Magazine article The Exceptional Parent

Employment Resources for People Who Are Blind or Visually Impaired

Magazine article The Exceptional Parent

Employment Resources for People Who Are Blind or Visually Impaired

Article excerpt

Being employed means being productive, financially secure and fulfilled. However, for persons who are blind or visually impaired, seeking employment may sometimes seem as difficult as driving a vehicle. As one hits the road to find a job, countless hurdles may emerge. Some issues to resolve include technology, as well as resources that could make work accessible and adaptive to persons with visual impairment, availability of support, mobility, transportation, the work environment, and so on. The good news is, there are workarounds for almost every obstacle.

For individuals with visual limitations, such as myself, the first barrier one encounters in seeking employment is self-doubt. If you don't have faith in your abilities, nobody will. Remember, you are as capable, competent, and productive as your sighted peers!

Visually impaired individuals have become successful astronomers, lawyers, judges, professors, engineers, scientists, journalists, customer service representatives, app developers, architects, computer programmers, surgeons, and business owners. The list could go on, but the point is, many visually impaired persons have become what society once thought was impossible for them to become. These successful, visually impaired individuals didn't obtain success through miracles. They are not Superman nor Wonder Woman either; many are regular persons like you and me. I'm sure that they've encountered disappointments and formidable obstacles along the way. Fortunately, it is in the depths of failure and fear, that real courage shines. These notable, visually impaired persons have chosen to develop and keep a heart of courage. Thus, they have turned their vision into reality. You and I can do the same.


Visual impairment should not limit your capacity to dream. Remember, no matter what it is you want to accomplish, if you say "I can't," then you won't. Say "I'll try," and you'll be on your way.

Eyes On Success


Listening to stories of actual visually impaired go-getters inspires us to dream big. You can find them on this half-hour weekly radio program and podcast that features distinguished visually impaired achievers.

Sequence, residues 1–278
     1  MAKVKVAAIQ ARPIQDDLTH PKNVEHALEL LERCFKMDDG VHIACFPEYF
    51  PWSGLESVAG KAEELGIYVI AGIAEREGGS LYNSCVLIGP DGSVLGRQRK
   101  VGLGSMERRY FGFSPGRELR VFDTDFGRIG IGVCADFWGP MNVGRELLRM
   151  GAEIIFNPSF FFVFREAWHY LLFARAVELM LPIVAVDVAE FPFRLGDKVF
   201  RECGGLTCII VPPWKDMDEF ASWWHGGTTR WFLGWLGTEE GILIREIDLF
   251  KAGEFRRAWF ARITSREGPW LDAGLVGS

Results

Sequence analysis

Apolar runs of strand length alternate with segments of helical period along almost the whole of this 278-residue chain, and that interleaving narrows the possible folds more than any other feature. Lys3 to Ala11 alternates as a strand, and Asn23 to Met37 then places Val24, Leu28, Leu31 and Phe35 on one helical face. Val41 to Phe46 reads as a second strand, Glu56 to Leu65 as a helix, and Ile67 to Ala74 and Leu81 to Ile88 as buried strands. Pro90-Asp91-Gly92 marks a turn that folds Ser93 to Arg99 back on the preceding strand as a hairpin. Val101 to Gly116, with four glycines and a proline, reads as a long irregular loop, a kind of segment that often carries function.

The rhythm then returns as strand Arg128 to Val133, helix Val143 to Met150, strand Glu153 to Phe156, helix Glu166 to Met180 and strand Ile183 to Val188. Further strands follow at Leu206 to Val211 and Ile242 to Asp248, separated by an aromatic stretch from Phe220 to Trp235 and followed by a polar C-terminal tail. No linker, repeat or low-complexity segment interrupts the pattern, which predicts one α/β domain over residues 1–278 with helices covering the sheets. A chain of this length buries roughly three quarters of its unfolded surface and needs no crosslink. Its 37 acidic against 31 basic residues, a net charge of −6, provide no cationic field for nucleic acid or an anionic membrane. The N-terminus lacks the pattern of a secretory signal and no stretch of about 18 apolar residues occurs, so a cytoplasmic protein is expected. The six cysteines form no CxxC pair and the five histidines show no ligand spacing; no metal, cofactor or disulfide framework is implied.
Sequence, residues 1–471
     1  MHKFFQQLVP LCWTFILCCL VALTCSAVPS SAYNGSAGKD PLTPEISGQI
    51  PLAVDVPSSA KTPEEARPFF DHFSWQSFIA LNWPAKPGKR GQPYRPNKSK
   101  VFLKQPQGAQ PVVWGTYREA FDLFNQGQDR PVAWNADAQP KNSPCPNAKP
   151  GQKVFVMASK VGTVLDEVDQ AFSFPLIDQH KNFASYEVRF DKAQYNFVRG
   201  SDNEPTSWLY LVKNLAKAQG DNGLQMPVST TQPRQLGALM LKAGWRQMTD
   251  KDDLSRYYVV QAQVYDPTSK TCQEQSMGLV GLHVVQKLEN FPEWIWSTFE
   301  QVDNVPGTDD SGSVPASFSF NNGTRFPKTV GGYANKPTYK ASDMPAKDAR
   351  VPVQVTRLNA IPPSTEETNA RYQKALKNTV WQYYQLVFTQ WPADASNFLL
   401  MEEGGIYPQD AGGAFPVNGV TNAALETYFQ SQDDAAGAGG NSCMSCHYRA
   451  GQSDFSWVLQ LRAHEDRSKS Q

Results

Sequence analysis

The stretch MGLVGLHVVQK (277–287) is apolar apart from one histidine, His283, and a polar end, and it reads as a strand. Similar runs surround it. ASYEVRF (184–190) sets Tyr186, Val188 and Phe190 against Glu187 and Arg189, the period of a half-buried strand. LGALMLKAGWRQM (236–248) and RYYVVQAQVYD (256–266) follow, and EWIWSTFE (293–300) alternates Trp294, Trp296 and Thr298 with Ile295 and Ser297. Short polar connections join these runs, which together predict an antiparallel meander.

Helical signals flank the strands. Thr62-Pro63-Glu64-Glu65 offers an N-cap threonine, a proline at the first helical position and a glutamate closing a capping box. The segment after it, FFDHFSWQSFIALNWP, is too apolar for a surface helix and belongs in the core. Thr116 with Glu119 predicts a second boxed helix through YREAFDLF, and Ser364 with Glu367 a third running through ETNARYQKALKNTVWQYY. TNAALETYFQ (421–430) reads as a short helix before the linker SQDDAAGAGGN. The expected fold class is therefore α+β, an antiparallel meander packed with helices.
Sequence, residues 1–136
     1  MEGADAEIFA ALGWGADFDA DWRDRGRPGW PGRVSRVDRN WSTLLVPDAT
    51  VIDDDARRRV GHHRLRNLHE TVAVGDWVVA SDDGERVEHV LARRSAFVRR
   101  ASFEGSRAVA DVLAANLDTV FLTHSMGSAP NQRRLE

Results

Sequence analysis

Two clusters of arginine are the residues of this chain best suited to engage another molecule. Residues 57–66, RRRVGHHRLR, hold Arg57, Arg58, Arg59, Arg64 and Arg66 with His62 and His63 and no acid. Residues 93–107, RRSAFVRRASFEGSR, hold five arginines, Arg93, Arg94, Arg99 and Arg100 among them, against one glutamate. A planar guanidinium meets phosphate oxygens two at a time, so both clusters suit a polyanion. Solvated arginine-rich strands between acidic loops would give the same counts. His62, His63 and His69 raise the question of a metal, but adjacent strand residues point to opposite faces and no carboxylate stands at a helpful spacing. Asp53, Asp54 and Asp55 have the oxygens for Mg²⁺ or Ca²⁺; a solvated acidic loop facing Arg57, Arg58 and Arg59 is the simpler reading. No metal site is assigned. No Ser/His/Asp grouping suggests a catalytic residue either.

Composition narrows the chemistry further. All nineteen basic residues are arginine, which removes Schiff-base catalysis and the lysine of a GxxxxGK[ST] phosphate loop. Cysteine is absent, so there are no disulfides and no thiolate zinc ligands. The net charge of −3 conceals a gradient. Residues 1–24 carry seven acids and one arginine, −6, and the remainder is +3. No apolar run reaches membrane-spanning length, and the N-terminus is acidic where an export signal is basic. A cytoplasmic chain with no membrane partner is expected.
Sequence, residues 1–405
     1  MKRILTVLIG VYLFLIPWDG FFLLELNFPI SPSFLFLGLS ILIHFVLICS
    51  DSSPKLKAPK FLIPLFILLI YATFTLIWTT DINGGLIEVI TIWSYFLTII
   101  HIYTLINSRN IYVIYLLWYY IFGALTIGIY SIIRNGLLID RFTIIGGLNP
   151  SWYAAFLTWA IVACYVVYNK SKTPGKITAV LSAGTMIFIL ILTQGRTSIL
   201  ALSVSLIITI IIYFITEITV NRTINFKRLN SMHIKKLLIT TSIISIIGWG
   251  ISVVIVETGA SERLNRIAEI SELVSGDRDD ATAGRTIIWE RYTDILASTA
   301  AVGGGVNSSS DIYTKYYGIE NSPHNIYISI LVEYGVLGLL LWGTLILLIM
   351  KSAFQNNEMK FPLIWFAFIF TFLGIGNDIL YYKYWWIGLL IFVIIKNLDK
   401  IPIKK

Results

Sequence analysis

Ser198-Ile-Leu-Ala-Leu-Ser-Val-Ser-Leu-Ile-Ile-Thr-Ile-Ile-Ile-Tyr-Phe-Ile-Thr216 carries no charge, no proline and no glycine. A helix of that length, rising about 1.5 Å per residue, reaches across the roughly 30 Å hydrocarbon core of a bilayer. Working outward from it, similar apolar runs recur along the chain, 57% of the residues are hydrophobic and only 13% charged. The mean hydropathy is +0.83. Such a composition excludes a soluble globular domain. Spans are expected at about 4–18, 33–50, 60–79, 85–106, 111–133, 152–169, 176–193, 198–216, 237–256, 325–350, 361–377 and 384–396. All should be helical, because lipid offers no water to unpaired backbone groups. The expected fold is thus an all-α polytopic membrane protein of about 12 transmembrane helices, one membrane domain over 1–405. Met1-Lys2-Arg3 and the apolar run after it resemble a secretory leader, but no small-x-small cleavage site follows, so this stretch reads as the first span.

The first step to gainful employment is to search within you what you want to be. As mystical as this may sound, finding your life's purpose is simple. Ask yourself these two questions:

"What do I love to do?" and "Where do I excel?" Make an inventory of your talents and rank them accordingly. Your top-rank talents usually tie in with, or support the work you love to do. Once you find the answers to these questions, determine to devote your 100% to developing your abilities through formal education, training, mentorship, and hard work.


Pursuing a dream lays out difficulties that one could overcome more effectively with the help of a community. Several persons with special needs find themselves on the lonely island of exclusion because they feel that "I am the only one," or "I'm not as good as others." This is especially true among people who've just lost their vision due to ailments or injuries. There is nothing more redeeming than finding one's way out of this segregation into a welcoming community who will be your support system. The sooner you come out to link up and get involved, the more reliable the bridges you can build. I recommend you start your journey with the following organizations:


An all-blind organization with chapters and affiliates nationwide. At the NFB, a visually impaired person could find peers, mentors, and role models who share more commonalities than differences with you. Moreover, through their network, the NFB coordinates programs, services, and resources that could set up their members to "live the life they want."


A national organization of blind, visually impaired, and sighted individuals. …

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